Wilson, who had a high school education, taught herself how to file successful legal briefs and to decipher technical EPA reports. Her knowledge of Formosa became so intimate that the company’s lawyers routinely called her for information about the operation. In 1989, she set up a meeting in the town hall so people could talk about what the chemical plants were doing to the bays.
“All I did in the beginning was call a meeting,” she said. “I had the bank president, the mayor, senators, aides; they all said, Diane, don’t do this. Be a good citizen. I was floored. I was amazed they were saying this. I’m extremely congenial, I really am, and they were like, no, don’t do this.”
Eventually, after exhausting other means, she resorted to nonviolent civil disobedience, which led to a daring showdown on Lavaca Bay. She said she was threatened, and people said crazy things. “They said I was a spy hired by Louisiana. They said awful stuff. I had no money, no support, five kids — I was just trying to shrimp.” She became a pariah in her town and nearly drowned when her boat was sabotaged.
In the 20 years that have followed, she’s remained a political activist, a line of work that isn’t exactly remunerative—she made about $12,000 last year.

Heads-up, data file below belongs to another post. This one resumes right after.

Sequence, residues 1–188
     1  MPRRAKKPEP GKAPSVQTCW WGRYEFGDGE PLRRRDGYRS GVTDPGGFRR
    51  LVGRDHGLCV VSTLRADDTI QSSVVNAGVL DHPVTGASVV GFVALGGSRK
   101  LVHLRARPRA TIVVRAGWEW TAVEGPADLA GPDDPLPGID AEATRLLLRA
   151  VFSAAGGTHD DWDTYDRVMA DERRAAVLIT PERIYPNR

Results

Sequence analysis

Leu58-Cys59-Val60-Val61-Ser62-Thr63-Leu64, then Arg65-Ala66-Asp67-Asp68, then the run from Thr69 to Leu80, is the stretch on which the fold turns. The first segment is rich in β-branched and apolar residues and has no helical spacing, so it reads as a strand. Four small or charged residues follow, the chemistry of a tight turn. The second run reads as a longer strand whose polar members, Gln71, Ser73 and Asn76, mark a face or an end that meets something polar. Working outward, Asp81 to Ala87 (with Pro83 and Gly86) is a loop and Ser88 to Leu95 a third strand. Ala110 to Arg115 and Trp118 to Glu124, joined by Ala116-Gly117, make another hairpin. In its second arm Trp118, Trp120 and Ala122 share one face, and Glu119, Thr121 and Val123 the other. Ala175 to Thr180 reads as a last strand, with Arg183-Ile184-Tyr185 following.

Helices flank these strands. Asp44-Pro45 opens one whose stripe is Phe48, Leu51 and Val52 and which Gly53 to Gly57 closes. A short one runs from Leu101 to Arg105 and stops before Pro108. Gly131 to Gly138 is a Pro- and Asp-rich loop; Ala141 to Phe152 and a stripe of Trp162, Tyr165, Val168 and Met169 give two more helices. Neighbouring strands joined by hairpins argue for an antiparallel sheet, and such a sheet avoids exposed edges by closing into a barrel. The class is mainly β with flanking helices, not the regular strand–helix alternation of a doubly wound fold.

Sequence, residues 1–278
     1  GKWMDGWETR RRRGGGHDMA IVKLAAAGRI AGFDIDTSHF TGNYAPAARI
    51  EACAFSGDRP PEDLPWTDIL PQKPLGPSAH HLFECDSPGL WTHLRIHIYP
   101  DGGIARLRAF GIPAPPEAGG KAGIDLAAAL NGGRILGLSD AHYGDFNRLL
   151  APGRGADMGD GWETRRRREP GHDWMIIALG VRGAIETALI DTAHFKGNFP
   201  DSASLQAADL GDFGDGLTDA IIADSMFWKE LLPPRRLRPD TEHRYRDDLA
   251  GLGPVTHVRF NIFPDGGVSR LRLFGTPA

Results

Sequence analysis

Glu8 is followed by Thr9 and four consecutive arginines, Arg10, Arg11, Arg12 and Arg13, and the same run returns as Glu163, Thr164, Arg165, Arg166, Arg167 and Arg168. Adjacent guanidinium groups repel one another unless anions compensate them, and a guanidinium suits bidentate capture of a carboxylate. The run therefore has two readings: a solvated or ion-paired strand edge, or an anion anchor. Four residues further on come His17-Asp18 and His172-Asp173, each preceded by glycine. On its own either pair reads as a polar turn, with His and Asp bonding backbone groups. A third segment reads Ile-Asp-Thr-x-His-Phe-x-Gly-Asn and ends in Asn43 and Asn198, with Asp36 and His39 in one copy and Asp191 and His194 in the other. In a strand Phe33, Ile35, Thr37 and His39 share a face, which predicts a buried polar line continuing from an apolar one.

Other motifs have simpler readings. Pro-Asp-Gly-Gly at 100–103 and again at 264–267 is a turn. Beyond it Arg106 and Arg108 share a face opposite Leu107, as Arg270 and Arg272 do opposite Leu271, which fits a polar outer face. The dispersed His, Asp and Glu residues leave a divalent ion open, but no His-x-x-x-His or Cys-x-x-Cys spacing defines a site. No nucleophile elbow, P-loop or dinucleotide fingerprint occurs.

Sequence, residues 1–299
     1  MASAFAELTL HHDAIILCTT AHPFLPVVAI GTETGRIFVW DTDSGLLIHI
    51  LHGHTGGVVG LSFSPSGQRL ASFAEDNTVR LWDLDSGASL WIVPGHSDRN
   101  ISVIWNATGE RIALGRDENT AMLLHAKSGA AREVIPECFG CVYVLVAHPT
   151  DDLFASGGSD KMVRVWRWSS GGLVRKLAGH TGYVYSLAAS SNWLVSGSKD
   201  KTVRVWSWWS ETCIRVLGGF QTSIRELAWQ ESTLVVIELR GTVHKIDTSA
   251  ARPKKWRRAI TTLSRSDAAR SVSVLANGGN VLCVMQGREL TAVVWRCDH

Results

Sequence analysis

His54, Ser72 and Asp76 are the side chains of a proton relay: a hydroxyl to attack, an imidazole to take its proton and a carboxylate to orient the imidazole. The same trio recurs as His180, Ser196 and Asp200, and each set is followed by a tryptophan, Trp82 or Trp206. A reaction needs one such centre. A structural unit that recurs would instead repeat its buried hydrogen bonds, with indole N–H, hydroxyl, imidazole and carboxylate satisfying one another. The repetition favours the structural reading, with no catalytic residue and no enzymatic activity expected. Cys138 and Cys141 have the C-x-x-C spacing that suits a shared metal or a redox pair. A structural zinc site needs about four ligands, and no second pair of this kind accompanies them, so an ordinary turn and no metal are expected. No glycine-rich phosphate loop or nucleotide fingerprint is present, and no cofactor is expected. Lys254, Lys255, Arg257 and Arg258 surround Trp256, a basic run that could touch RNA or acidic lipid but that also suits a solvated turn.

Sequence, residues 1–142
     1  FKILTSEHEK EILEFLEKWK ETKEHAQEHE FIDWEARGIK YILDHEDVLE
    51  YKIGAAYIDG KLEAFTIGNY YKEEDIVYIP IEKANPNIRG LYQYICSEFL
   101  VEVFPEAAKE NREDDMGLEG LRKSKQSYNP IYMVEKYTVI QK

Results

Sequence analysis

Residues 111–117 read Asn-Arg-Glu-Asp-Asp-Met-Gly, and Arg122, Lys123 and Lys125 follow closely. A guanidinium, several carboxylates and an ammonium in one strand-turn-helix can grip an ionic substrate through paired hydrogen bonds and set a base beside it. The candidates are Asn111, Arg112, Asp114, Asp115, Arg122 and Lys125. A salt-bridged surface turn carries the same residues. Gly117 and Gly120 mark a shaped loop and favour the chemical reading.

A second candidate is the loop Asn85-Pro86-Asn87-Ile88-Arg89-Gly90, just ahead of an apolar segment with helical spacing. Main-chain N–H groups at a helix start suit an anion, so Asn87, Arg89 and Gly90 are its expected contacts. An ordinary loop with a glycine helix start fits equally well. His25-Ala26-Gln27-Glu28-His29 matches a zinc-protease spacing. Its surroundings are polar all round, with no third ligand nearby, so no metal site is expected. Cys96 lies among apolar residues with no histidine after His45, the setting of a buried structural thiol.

You might call her an accidental activist since she’s the first to say that she had no particular plan in mind. She was simply curious. And angry. “I’m just thinking about raising some hell,” she said. “I do not know what I hope to gain. I’m not a planner; I’m moved from the heart.
Over the years, she’s been arrested repeatedly, conducted hunger strikes, chained herself to chemical towers and protested with a child in one hand and a fistful of documents in another.
“I’ve never had a plan,” she said. “I was just outraged when they started destroying the bay. There’s just all these sweetheart deals in Texas. I didn’t know how I was going to do it. I started doing hunger strikes. You don’t make an impact in Texas without being outrageous.”
In late May, Wilson decided to protest the Deepwater Horizon oil spill by calling for supporters to appear at BP headquarters in Houston and protest naked. She took her inspiration from Nigerian women who took over an oil rig by threatening to strip.
Wilson is convinced that her activism draws attention to important issues.
“I think people have lost faith in their ability to make a difference, but we’re all capable of making a difference,” Wilson said.
“I believe at some time in everyone’s lifetime they will receive a piece of information and what they do what that information determines the rest of their lives,” Wilson said. “No excuses are allowed – that they don’t have the money. Or they don’t have an organization already up and running on the ground to support the issue. Or no one will help and the town doesn’t like it and you have no one to babysit the kids. No excuses. Either you don’t or you do, and sometimes all that doing requires is picking up a phone and calling a meeting. Then trusting that life or the universe or Gaia will step in and your life will become a fantastic roller coaster ride. That’s what happened to me.”